The Sunshine Flyer currently offers transportation to all Walt Disney World resorts, from Value Resorts to Deluxes–and will be expanded to off-site accommodations in the future. Tickets for the Sunshine Flyer must be booked at least four days ahead of arrival. Tickets are $19.50 per adult and $11 per child each way. The Sunshine Flyer offers a full refund if cancelled 72 hours in advance, or credit towards future tickets if cancelled under 72 hours.
We’re incredibly excited about Sunshine Flyer, as it offers a fun theme—trains are undeniably awesome, as is the golden age of rail travel after which the Sunshine Flyer is modeled. There’s also a clear “Disney connection” to the Sunshine Flyer’s theme, as Walt Disney was an avid railroad enthusiast.
The only downside is that the Sunshine Flyer is new and still finding its footing. It doesn’t have the fleet or resources as Mears in Central Florida. While it’s by an established company (Transportation Management Services) with extensive experience in the events space, that’s not quite the same as operating a daily shuttle service at this scale for decades.
Mears Connect – Similar to Sunshine Flyer, this is a shuttle service by the company that operated Disney’s Magical Express. This makes Mears Connect the “true” spiritual successor to Disney’s Magical Express. It literally uses the exact same drivers and buses, just minus the Disney-branded wraps.
Mears Connect offers transportation service for visitors in high occupancy vehicles, including buses and vans. The company advertises Mears Connect as the “same reliable, safe service guests have been using for decades to Disney area hotels” with scheduled service, luggage handling, convenient airport terminal staging, and return trips from resorts to the airport.
Mears Connect has two options: Standard and Express. Standard is a shared vehicle on Mears Connect (bus or van) that is economical. Standard makes a limited number of stops and will have you on your way to your resort within 20 minutes of your check-in to the Mears Connect reception area. The Express level offers direct service with limited to no wait time.
Pricing could vary depending on date and hotel, but the current rate on the standard service is $16 for adults and $13.50 for children for a one-way trip or $32 for adults and $27 for children for round trips. Express is currently priced at $250 per round trip for up to 4 passengers, plus $55 for each additional person.
Mears is a transportation company with coach buses and taxis that enjoyed a virtual monopoly on Orlando for decades. Historically, we have not been fans of Mears. We had several negative experiences with them in the pre-rideshare days–enough to arrive at the conclusion that it was a poorly-managed company doing the bare minimum and not caring about customer service given their aforementioned monopoly.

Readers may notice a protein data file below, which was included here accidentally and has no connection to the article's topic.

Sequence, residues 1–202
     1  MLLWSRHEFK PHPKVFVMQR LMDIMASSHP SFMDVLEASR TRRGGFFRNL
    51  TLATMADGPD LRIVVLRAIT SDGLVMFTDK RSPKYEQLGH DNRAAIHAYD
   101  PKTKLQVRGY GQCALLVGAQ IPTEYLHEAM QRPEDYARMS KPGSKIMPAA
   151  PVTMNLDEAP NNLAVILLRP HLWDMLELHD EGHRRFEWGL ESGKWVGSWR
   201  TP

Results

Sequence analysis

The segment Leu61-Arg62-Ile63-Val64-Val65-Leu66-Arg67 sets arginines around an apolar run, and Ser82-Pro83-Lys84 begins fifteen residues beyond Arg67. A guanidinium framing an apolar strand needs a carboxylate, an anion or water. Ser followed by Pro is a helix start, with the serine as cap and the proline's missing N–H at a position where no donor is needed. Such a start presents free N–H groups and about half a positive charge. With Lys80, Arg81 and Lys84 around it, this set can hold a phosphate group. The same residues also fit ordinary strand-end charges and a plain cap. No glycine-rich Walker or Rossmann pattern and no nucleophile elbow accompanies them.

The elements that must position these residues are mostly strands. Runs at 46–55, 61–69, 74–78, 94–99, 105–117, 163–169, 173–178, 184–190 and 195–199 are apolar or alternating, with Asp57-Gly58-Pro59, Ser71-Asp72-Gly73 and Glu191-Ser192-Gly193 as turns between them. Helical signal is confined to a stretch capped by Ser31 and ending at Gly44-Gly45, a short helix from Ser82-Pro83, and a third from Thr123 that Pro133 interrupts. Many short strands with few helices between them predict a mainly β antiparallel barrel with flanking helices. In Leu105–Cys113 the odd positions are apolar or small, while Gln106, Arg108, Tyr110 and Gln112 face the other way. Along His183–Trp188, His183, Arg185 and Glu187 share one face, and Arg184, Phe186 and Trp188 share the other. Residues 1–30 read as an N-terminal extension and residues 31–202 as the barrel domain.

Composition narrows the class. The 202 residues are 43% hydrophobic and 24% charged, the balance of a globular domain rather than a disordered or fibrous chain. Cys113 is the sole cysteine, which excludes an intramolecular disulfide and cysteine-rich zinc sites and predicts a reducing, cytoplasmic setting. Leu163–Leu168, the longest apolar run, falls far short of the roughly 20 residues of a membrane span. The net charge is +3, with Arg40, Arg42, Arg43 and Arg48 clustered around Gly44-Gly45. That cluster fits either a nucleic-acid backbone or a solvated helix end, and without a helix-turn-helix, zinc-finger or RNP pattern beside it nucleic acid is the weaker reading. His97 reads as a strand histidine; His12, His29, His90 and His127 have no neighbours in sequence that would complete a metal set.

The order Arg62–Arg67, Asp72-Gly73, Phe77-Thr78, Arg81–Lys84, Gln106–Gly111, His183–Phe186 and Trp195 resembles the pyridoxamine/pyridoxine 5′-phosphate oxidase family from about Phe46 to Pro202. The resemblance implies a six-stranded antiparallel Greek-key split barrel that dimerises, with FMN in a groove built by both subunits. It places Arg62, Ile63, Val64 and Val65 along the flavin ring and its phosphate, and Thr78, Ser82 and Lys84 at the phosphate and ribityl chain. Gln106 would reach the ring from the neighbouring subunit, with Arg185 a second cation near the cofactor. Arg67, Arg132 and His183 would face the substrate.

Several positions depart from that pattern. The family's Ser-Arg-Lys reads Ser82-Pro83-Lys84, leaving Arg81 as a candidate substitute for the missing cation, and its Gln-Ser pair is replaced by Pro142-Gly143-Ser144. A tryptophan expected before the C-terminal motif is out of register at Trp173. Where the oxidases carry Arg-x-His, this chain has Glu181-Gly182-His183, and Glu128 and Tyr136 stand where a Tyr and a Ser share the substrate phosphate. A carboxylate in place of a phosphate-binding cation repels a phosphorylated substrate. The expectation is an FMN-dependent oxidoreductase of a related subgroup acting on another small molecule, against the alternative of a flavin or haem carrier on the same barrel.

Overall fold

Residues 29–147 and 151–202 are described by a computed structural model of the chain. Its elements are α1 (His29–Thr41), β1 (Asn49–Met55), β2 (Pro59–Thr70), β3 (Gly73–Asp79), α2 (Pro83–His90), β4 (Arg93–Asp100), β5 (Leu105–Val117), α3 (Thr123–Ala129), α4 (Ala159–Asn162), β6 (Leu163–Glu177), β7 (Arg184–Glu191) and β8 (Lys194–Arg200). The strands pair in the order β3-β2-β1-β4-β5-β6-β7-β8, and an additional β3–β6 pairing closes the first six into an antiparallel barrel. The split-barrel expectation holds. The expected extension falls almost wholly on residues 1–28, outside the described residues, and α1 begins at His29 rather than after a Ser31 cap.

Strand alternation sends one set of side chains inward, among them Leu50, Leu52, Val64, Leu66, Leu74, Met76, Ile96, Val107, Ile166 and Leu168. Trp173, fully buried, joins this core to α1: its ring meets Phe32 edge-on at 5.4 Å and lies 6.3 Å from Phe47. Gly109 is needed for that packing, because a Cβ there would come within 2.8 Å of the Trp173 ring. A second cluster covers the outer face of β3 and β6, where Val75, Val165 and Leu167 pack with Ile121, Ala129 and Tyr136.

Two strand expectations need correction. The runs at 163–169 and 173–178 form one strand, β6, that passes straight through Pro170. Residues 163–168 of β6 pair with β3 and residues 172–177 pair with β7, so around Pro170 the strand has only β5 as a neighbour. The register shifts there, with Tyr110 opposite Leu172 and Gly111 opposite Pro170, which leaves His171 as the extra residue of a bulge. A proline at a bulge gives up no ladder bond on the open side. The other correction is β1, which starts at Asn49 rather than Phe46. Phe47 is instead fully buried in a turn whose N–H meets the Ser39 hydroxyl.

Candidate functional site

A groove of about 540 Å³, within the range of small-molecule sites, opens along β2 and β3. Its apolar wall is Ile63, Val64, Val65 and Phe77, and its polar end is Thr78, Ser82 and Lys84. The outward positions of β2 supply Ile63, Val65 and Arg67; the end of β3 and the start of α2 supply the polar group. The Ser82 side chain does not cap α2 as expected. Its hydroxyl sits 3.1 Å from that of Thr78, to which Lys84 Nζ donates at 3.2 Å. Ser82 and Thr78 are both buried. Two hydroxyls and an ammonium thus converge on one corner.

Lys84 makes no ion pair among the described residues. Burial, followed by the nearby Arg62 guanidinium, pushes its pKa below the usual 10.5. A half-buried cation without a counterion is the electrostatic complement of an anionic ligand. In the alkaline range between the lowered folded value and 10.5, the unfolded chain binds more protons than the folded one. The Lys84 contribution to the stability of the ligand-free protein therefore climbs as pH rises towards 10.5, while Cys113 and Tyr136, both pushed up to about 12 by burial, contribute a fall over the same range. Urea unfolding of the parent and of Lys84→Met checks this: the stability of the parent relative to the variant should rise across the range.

To the extent that Disney’s Magical Express offered good service, our suspicion is that it was due to contractual requirements with, and oversight from, Walt Disney World. Without the Disney monitoring and mandating service quality, bus frequency, dispatch times, etc., we fear the “spiritual successor” could be worse. In our experiences with Mears Connect thus far, this has not been a problem–but we’ll continue to use the shuttle service and provide periodic updates.
Alternative Airport Transportation
Luxury Car, Limo & Private Van Service – Honestly, we’ve never used private van service for traveling between MCO and Walt Disney World. There are only two of us, so it has never made sense. It also felt of little value from a research perspective, since Disney’s Magical Express, rideshare, or rental car served the needs of 98% of readers.
Obviously, the end of Disney’s Magical Express changes the equation. Now, many families of 4-6 will be find private car service to be a superior and more economical option than the aforementioned shuttles. Moreover, depending upon how things play out with rental car and rideshare prices and waits, private vehicle service might be better than those, as well.
I’ll level with you again: researching private car service in putting together this article has been overwhelming. There are a lot of advertorials and it’s almost impossible to tell what’s objective advice. Fortunately, we’ve gotten a lot of feedback from readers in the months since DME’s demise was announced, and I’ve cobbled that together here. (On that note, please offer more recommendations–I’ll continue to modify this with your top picks!)
Quicksilver Tours – Far and away the “most recommended” option, we’ve heard nothing but good things about Quicksilver from our readers. Many praise the pricing, noting that it worked out to be cheaper for them than Mears Connect or Sunshine Flyer. (Just keep in mind that prices will likely go up with demand, which will assuredly increase with the end of DME. So book sooner rather than later!)
Orlando Transportation by Mike – Readers have recommended this service (including in the comments to this post!) and online reviews elsewhere are likewise overwhelmingly positive. Mike’s transportation company gets high marks on communication, courtesy, and cleanliness.
Happy Limo – Based on our research, this is one of the most well-established and largest luxury vehicle services in Orlando. It’s definitely not the cheapest, but appears to offer good customer service, with fewer issues than many alternatives. From our perspective, there’s something to be said for a larger scale operation with years of experience–especially as all of these transportation options adjust to a post-DME environment.
Tiffany Town Car – Readers who have used Tiffany have unanimously praised their service and recommended this luxury limo. However, we’d offer the caveat that online reviews are more mixed, with some red flags from guests with disabilities.